Teaser Rams
By Dr Mackie Hobson BSc(Agric),BVSc

Tuesday, 17th May 2016

Teaser Rams- THE MALE EFFECT in Angora goats


The male effect refers to the effect of the introduction of the male on the oestrus cycle of the ewe.

(Photo grootfontein)

Teaser rams are used by farmers to:

  • Increase the ovulation rate
  • Shorten the breeding season


There are farmers who have in the past placed the urine soiled hair, of the ventral abdomen and legs of rams,  in bags attached to the fence of the ewe camp to relicate the ‘ram effect’. This hair has the characteristic ‘goat ram smell’ during the breeding season.

It was initially believed that the pheromones played the pivotal role in the ‘male effect’ but work since (Martin et al 2004) has proved that visual and behavioural stimuli are as important as smell and hence the use of Vasectomised  ams(teaser rams) is much more effective.


What does the presence of the ram do?

  • Results in the increase in the secretion of Luteinizing hormone (LH)
  • LH is responsible for folliculogenesis and ovulation

How long do the ewes need to be exposed to have an effect?

A response is seen after just a few hours but studies show evidence that long term exposure for has a far greater effect. Teasers are kept in for 10-14 days (usually 10).

What effect in does the ram have on oestrus and ovulation?  (GRAPH)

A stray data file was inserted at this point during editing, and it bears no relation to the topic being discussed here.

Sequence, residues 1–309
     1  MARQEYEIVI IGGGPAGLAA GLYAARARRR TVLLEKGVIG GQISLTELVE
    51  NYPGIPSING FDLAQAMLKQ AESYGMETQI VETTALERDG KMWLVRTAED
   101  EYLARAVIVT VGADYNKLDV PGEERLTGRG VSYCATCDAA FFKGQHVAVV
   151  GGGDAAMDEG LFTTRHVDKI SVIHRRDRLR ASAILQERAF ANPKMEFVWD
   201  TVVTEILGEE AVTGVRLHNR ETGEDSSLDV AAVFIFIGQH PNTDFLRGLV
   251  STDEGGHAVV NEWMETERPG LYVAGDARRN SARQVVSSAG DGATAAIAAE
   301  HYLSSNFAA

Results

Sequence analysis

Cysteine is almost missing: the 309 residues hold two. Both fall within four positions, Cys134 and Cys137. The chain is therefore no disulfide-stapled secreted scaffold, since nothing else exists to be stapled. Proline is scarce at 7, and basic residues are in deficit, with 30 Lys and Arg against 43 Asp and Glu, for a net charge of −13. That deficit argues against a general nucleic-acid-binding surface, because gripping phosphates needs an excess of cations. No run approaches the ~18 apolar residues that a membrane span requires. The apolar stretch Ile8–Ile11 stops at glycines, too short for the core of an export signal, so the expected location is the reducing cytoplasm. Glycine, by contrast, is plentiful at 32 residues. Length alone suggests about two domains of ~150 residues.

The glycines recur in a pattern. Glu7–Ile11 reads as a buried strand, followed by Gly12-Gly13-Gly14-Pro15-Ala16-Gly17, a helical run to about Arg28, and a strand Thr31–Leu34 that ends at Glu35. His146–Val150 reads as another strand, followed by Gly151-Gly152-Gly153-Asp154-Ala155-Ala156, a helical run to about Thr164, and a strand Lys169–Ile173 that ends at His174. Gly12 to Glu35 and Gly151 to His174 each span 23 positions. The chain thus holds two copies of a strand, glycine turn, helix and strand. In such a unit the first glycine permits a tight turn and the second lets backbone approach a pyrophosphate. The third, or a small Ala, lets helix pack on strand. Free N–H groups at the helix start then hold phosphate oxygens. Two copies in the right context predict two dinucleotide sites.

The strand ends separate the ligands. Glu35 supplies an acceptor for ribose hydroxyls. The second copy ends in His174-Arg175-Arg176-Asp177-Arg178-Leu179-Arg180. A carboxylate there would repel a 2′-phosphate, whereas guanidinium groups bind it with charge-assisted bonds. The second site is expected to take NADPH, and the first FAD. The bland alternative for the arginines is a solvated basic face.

• Goat ewes may show heat and ovulate shortly after introduction of Ram- within 2-3 days after rams introduced.( First Large Peak)
  • A few ewes may short cycle and ovulate again 5 days later. (Indicated by small 2nd peak)
  • About 60% of goats will exhibit heat with the first ovulation.
  • Cycle length is 19-21 days
  • The ewe cycles again 19-21 days later. –Second Peak between 20-25 days after ram introduced.
  • Angora ewes have more synchronised heat periods than sheep after ram introduction and hence more compact kidding periods.


The 2nd ovulation has a 4% better ovulation rate than the first - another benefit of teaser ram use.

Kidding is becomes more synchronised with most ewes kidding within a two week period as seen in the graph.

 % ewes kidding after first ewe kids on day 1.

Also see the importance of




J.A. van Rooyen

Grootfontein Agricultural Development Institute, Private Bag X529, Middelburg


Pearce & Oldham, 1984; Radostits et al., 1994

Gelez & Fabre-Nys, 2004

Rob Kelly



© SA Mohair Growers - 2024 | Links | Teaser Rams

Website Design and Search Engine Optimisation (SEO) by ZAWebs Designs | Web Hosting by ZAWebs Hosting